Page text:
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Supermac’s, an Irish burger chain which in 2017 filed an application to revoke McDonald’s’ European Trade Mark for “Big Mac”, has scored a major legal victory that potentially could lead to the revocation of the ‘Big Mac’ and ‘Mc’ trademarks by the European Union Intellectual Property Office (EUIPO).
The decision was based on findings that the global fast food chain had failed to prove that Big Mac had been “put to genuine use in the union for the goods or services for which it is registered” during the five years prior to the revocation request being lodged. It is potentially a big reversal for McDonald’s, which in the past has argued that Supermac’s sounds confusingly similar to Big Mac and the company’s other famous brands.
In 2014 McDonald’s — famously defensive of its trademarks — opposed Supermac’s application for an EU trademark for its own name, on the basis of being confusingly similar to “Big Mac”.
Supermac’s managing director Pat McDonagh said his lawsuit was intended “to shine a light on the use of trademark bullying by this multinational to stifle competition”.
The EUIPO said the affidavits submitted by McDonald’s needed to be supported by other types of evidence, and that websites or the other promotional materials were not sufficient. The judgement read that “it could not be concluded whether, or how, a purchase could be made or an order could be placed,” from the website printouts. “Even if the websites provided such an option, there is no information of a single order being placed.”
McDonald’s has a right of appeal, and a spokesman said the company was determined to continue enforcing its trademark rights.
This case highlights some of the difficulties trade mark owners need to be aware of when registering and enforcing trade marks. On the one hand Supermac’s does not appear to be disputing the validity of “Big Mac” for sandwiches, on the other, their objection seems to be that the trade mark specification mentioned goods other than sandwiches, for which the trade mark has not been put to genuine use.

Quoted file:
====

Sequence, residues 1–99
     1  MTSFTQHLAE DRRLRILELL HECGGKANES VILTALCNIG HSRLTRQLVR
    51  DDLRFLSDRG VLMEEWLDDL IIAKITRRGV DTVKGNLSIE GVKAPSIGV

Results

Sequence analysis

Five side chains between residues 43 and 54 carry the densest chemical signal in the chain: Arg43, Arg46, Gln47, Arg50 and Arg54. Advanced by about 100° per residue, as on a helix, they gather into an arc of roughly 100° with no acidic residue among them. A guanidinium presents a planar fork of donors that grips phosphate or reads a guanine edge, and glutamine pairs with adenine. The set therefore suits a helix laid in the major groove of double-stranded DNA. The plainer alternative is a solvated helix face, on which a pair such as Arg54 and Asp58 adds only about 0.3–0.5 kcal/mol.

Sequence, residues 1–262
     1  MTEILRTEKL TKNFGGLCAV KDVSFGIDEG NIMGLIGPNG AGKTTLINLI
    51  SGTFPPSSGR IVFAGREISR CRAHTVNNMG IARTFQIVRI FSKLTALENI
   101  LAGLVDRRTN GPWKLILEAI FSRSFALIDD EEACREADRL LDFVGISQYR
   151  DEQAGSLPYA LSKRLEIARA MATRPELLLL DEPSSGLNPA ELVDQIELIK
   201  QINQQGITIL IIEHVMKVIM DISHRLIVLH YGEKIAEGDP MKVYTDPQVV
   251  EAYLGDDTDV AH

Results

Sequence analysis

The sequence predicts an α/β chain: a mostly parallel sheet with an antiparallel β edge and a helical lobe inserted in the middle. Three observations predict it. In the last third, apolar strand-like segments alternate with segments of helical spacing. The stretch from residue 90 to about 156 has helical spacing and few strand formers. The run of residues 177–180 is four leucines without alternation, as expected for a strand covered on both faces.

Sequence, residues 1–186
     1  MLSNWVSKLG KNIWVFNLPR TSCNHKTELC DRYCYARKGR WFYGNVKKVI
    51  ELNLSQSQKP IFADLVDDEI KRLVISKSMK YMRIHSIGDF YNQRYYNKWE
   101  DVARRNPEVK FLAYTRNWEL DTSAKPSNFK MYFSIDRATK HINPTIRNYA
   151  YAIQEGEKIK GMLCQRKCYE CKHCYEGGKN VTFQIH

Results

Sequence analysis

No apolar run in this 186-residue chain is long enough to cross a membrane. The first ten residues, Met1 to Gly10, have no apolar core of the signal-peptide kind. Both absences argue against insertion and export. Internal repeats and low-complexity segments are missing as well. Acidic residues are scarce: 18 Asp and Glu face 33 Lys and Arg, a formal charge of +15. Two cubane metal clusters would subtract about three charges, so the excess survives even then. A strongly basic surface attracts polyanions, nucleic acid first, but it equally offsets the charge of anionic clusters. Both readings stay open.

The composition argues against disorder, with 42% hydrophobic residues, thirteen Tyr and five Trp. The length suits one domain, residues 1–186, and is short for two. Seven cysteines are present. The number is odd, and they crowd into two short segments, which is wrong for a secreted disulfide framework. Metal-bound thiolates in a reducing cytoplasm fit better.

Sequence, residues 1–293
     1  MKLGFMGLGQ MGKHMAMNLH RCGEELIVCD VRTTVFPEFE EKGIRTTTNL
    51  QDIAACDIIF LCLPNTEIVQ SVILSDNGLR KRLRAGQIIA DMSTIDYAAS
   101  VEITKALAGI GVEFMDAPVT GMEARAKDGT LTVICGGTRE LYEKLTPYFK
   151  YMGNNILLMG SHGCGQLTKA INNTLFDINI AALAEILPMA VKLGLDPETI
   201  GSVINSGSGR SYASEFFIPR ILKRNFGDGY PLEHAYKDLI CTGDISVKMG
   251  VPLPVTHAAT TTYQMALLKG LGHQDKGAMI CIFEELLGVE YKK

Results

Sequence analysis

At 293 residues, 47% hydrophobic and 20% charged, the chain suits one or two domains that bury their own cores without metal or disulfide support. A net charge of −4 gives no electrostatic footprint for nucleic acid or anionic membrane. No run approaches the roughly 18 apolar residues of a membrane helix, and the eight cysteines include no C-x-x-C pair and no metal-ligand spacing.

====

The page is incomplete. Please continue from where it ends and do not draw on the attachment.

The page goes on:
Thus, it seems to us that should McDonald’s appeal the decision, they will have to prove to the EUIPO that there has been genuine use for the goods in question, and specifically how a purchase of a Big Mac could be made and an order placed. Whether such evidence would be sufficient or not, or whether more evidence would be required (in what form?), or whether the submitted evidence would in fact be allowable remains to be seen. But one lesson to take from this case is probably that companies and multinationals should be aware that they can’t simply file trademark applications without having a genuine intention to use the brand for all the goods that such applications cover. It also shows that smaller companies with the right kind of advice can score major victories against large and well-resourced multinationals. More importantly the case highlights the requirement to provide sufficient evidence to support a fact, regardless of whether one believes that the fact is commonly known. Large companies and multinationals cannot be complacent in contentious IP proceedings by not providing adequate and sufficient evidence even if they believe the merits of the case are in their favour.
The full decision can be accessed here (external link)